An artful discussion about the perception of feminine. An artfully arranged platter of antipasti. An artful speech explaining the coup. An artfully blended mixture of lethal drugs to inject in the doomed prisoner.

    Metaphor in many cases must stand in for protest–or as the protest itself–when the true and meaningful intention is muzzled or censored.

    Ok, that was a tangent. But it’s funny you raised this. I missed the #litchat talk (as usual) but was glad you pointed this one out to me, as opposed to the housefrau discussions about using cursewords in novels. Blech.

    Thanks, Dan, you’re awesome.

    lenox

    • I like the art as protest idea – that takes one back to the arguments about foundation myths and revolution, though – art revolts, but that revolution also forms the foundation myths of the new order and becomes establishment (Social Realism in the USSR is the obvious example, but the hero narrative marc refers to does the job just as much)

  4. Modern art is dead and literature faces a similar fate. There, I’ve said it. Sarah is correct about modern art being wholly about the idea (singular, never any depth) and not about connecting it to the aesthetic as it used to. Impressionism, Cubism & Abstract Expressionism exhausted all possible fresh ways of seeing as they deconstructed our visual/emotional perception. Nothing fresh has come since then.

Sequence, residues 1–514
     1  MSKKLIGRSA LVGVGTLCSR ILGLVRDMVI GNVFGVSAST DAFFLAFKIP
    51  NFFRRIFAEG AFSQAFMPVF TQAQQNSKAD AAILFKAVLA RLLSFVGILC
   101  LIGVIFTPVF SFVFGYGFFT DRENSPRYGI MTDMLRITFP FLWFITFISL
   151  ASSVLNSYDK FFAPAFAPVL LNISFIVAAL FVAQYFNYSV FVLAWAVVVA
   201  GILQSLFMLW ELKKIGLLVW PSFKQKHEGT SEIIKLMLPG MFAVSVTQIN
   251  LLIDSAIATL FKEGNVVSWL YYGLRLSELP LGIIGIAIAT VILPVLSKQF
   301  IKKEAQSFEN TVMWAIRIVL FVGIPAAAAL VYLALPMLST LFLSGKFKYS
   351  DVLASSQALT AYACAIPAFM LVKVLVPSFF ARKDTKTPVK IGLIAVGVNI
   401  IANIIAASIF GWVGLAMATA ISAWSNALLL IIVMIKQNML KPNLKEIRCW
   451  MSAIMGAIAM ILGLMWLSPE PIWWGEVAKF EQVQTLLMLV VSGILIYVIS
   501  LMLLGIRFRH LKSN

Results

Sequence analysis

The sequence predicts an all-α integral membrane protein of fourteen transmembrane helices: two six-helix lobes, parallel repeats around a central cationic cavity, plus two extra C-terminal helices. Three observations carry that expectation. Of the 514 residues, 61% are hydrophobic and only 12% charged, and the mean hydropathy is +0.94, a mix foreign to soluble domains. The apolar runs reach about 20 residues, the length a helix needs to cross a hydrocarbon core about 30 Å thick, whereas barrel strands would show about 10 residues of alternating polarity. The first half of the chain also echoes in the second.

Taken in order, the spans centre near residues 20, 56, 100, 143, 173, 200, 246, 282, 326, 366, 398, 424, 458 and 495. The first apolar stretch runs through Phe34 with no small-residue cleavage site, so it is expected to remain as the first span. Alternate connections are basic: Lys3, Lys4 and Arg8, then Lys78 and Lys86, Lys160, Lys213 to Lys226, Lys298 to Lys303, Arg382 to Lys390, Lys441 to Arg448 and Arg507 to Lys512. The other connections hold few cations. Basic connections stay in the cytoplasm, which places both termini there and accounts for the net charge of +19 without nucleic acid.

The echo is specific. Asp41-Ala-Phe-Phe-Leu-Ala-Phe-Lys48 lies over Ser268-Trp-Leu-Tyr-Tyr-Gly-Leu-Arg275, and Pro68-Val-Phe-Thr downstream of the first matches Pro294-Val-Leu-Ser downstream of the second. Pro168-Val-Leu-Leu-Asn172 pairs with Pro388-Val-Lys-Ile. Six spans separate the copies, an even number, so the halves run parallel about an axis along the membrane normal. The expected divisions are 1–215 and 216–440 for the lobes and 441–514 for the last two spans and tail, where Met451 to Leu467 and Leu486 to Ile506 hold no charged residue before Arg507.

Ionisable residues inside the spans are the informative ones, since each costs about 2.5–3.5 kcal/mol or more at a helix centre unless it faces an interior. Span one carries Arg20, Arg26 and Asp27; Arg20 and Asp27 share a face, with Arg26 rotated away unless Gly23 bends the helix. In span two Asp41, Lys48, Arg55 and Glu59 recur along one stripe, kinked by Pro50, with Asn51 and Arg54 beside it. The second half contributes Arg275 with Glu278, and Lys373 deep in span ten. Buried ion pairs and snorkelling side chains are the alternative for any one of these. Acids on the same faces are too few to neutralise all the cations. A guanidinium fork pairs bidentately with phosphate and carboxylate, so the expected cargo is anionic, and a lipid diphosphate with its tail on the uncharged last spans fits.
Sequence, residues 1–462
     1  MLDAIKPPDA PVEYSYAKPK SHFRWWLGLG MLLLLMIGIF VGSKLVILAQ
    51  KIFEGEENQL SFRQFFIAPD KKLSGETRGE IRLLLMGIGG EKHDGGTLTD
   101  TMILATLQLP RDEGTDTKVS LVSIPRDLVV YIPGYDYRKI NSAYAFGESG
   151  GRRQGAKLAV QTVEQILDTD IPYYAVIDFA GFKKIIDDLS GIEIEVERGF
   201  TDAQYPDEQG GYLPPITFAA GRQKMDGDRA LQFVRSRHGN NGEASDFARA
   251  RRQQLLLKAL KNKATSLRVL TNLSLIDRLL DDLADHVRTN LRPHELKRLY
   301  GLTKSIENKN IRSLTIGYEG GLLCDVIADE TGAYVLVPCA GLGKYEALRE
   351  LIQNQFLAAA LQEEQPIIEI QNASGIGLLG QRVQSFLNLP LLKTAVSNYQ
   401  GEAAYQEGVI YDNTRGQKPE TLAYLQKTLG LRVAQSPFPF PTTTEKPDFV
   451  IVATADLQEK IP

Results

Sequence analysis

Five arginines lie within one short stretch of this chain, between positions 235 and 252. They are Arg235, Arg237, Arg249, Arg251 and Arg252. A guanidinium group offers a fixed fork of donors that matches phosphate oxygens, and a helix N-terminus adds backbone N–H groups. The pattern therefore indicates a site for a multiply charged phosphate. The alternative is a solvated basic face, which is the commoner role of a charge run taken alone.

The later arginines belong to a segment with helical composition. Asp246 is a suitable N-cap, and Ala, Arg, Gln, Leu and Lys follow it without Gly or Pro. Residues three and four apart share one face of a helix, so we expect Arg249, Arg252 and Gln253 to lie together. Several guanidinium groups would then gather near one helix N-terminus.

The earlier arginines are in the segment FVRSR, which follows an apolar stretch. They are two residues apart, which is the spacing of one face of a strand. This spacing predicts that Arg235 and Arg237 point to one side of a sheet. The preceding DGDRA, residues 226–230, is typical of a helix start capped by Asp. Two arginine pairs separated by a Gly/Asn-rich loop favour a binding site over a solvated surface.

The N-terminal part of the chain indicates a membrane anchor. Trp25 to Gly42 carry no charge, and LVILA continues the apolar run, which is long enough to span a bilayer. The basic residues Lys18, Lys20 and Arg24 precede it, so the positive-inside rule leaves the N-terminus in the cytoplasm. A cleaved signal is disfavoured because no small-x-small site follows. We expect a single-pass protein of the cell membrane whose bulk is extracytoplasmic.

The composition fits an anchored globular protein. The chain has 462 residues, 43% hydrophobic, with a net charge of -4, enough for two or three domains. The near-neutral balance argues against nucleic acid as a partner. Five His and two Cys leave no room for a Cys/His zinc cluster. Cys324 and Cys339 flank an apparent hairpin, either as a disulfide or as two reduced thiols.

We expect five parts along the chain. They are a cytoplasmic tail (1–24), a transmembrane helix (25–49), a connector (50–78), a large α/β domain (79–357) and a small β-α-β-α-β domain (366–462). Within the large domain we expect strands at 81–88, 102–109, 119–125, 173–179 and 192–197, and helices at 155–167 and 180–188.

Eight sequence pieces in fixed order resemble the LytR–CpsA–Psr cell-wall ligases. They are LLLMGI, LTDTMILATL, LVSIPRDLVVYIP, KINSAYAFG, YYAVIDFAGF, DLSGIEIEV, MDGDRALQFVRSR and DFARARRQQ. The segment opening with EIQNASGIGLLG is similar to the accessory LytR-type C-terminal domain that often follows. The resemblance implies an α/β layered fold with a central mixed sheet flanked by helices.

Literature is stuck in 19th & 20th Century paradigms. Instead of tackling head on language’s paucity of expressing emotions, it has got obsessed with story telling. Underpinning the collective consciousness, instead of probing the individual consciousness in any meaningful way. The hero is the primary archetype in literature. I say there are no heroes in modern Western society.

    I will draw on art, typography & design to try and freshen up the visual aspect of my texts. But it still comes down to exploring language.

    All art is a mixture of an aesthetic resonance for our inner senses, plus offering new ways of seeing and potential new ways of being. Like I say, visual art has nothing left to offer these drives and literature better pull its bloody finger out or it too will be sidelined as an irrelevancy.

    marc nash

  5. For me, there is no boundary. I just can’t see it that way. But, I grew up idolizing the Surrealists and the Dadaists, and actually, punk rock. The reason I throw punk into the mix, is because it really was, at its core, iconoclastic. Yes, there are pure art forms, and there are those that fit into those pure categories. But the most exciting stuff, to me, is the stuff that refuses to be categorized.

    I’ve come to realize, through talking with Dan recently, that the direction I want to go in can only be described as art, because I prefer to work in medius that can express everything at once. As such, I’ve really started to throw myself into the video work. It combines everything – music, words, imagery, aesthetics. I simply didn’t have the courage to throw myself in that direction until, speaking with Dan, I came to realize that I wasn’t the only one who was excited about merging art forms.